Apart from the engineered diffusers being compact, they provide a uniform illumination on the target tissue. Since the speckle contrast introduced in Eq. (1) is independent of the intensity level, a uniform illumination is not a requirement for obtaining a valid speckle contrast map from a wide tissue area. Note that in order to minimize the possibility that the speckle contrast is influenced by intensity gradient, (1) the mean intensity should not be so high that parts of the camera sensor is saturated; (2) the mean intensity should not be so low (below $5 \%$ of the maximum observable value) that the camera noise level becomes comparable with the detected intensity level. The laser light after expansion on a tissue surface is of a Gaussian nature. The larger the distance from the center of the beam, the lower the observed intensity. Therefore, as long as the mean intensity falls within the valid range, illuminating a target tissue with spherical wave illumination would not affect the relative speckle contrast at different locations of the illuminated tissue (see Fig. S5).

4. Discussion

In this work, we focused on illumination schemes for handheld LSCI and their influence on the movement artefacts studied by measuring speckle contrast during motorized and human handheld measurements on the extreme cases of high scattering (matte) and low scattering (Delrin plate) and on a tissue mimicking phantom. To exclude any other source of movements than the LSCI system, experiments were carried out on static scattering media. The first phase of the study consisted of applying three motion mimicking methods (i.e. translational, rotational and object rotation) to the system. The results are shown in Fig. 3. It appears that, for each type of applied motion, the relation between the speckle contrast and the amount of applied motion depends on (1) the type of the illuminations and (2) the scattering level of the media. In general, the contrast’s sensitivity to motion increases with decreasing scattering level, and scrambled wavefronts give a higher motion sensitivity than spherical and planar wavefronts. For media with tissue-like scattering properties such as Delrin (Fig. 3(a)–3(c)), planar waves give a lower sensitivity than spherical and scrambled waves.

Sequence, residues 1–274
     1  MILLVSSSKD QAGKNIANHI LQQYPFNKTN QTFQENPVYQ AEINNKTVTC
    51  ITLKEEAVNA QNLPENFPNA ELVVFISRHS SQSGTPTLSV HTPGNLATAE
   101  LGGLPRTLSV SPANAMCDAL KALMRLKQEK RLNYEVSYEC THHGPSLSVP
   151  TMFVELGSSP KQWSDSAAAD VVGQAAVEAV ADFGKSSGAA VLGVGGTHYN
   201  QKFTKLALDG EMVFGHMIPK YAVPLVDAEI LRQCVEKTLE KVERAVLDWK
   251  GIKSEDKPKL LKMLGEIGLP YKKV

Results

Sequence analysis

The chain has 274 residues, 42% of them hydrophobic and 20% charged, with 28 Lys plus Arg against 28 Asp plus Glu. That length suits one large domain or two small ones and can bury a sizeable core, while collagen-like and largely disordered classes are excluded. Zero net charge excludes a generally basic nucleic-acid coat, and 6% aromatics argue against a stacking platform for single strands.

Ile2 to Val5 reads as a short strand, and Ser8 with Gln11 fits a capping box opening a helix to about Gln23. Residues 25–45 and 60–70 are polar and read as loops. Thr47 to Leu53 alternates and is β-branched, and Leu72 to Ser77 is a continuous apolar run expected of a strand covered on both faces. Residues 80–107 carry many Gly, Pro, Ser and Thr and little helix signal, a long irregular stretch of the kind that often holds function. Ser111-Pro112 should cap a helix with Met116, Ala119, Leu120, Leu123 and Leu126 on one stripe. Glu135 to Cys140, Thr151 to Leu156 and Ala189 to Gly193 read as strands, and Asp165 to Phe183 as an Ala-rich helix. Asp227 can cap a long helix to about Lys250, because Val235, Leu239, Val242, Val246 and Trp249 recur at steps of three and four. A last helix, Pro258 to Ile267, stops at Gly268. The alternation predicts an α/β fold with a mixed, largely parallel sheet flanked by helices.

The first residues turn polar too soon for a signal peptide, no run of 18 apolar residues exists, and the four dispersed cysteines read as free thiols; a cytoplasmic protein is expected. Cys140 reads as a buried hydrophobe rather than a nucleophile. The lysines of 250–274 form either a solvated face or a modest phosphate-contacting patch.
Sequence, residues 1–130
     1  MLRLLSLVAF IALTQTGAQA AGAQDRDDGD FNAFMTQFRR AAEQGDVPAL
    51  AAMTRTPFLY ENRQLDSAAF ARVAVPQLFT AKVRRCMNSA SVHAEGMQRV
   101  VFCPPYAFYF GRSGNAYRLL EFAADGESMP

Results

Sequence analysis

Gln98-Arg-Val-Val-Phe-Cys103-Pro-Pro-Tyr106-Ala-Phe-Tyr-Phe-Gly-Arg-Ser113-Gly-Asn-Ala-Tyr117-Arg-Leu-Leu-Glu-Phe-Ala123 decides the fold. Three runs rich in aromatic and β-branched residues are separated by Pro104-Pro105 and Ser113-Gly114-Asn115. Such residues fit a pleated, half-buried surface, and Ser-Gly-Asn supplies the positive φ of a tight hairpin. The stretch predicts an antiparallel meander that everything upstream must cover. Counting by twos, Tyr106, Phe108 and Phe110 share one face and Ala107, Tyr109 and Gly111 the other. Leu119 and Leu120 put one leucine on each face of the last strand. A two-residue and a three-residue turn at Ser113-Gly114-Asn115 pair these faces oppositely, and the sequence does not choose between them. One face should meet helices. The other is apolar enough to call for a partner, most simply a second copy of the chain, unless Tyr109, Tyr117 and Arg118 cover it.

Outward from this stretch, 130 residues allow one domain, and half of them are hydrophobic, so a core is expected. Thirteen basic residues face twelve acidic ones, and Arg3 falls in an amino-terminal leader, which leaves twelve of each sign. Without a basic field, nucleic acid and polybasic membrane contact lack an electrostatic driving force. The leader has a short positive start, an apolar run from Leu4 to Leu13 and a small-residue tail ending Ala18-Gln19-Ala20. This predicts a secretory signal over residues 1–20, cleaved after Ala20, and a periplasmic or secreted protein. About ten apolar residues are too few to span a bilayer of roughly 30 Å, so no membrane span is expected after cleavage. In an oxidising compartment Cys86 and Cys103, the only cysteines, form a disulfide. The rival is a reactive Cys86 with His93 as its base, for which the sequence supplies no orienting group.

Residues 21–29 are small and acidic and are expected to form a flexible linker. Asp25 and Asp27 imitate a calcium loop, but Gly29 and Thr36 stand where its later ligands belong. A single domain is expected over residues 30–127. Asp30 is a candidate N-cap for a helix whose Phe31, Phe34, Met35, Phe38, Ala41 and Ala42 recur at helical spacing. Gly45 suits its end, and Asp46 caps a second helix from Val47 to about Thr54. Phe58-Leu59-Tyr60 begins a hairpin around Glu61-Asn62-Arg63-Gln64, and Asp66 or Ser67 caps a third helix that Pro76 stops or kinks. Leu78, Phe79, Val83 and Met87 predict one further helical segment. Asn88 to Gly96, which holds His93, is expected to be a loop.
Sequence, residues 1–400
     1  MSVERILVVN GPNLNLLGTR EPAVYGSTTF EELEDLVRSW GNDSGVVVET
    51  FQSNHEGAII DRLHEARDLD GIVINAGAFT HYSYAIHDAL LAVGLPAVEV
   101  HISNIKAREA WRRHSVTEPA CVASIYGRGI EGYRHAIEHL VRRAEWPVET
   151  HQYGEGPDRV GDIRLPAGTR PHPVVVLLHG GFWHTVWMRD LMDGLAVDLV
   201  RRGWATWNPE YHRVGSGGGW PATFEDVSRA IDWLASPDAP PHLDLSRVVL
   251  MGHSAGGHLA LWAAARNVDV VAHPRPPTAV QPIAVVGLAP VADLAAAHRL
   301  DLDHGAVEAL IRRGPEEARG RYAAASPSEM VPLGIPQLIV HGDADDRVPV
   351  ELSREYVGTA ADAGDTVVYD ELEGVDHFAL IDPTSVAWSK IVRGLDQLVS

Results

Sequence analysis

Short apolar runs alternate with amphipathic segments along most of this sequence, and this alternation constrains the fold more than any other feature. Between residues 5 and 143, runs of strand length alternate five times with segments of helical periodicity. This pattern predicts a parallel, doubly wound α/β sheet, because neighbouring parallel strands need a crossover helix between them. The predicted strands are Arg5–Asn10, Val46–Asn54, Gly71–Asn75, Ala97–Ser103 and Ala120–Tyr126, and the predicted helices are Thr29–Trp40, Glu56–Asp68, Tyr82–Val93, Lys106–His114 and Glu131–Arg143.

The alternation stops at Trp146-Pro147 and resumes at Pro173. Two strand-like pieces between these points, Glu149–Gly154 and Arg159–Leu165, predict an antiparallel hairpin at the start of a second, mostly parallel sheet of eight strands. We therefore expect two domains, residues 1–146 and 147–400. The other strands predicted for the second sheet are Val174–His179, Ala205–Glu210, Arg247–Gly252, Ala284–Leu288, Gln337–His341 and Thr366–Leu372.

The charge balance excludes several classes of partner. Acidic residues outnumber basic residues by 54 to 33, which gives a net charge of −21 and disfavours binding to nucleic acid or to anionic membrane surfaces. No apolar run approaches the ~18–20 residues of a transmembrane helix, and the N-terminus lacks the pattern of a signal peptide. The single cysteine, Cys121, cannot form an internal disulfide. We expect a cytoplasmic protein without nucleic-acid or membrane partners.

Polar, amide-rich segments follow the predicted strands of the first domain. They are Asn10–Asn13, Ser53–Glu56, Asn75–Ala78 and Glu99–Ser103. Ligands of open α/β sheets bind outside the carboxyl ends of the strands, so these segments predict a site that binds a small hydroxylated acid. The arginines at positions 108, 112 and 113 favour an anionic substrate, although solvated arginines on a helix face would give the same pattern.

To address these observations, we take a closer look at the system geometry and use the optical Doppler effect. We regard the tip of the optical fiber as a point source emitting spherical waves. Figure 6(a) shows a snapshot of wavefronts at some distance from the source and the corresponding illuminating wave vectors $\vec{k_i}(x,\!y,\!z)$, where $k=2\pi /\lambda$ is the wave number. Here the distance and the wavelength are considered as $z={\rm 20}~\textrm{cm}$ and $\lambda ={\rm 671}~\textrm{nm}$. For a circle in millimeter scale radius, e.g. $a={\rm 1}~\textrm{mm}$ in the $xy$ plane centered about the $z$ axis, the wavefronts may look curved with the Fresnel number of $F_N=a^2/(\lambda z)=7.4$ which is greater than unity. In other words, within a typical distance over which light diffuses from the point of injection to the point of detection, the wavefront is significantly curved. This contributes to a range of incoming wave vectors when the medium has a low scattering level such as Delrin. In Fig. 6(b), a collimating system is used to create plane waves having a constant wave vector toward the scattering medium. In Fig. 6(c), an engineered diffuser is used to create scrambled waves. In this case, each illuminated point of the diffuser is a point source of light with random phase. As a consequence, each location on the surface of the scattering medium is illuminated by light with a range of wave vectors with a small angular variation.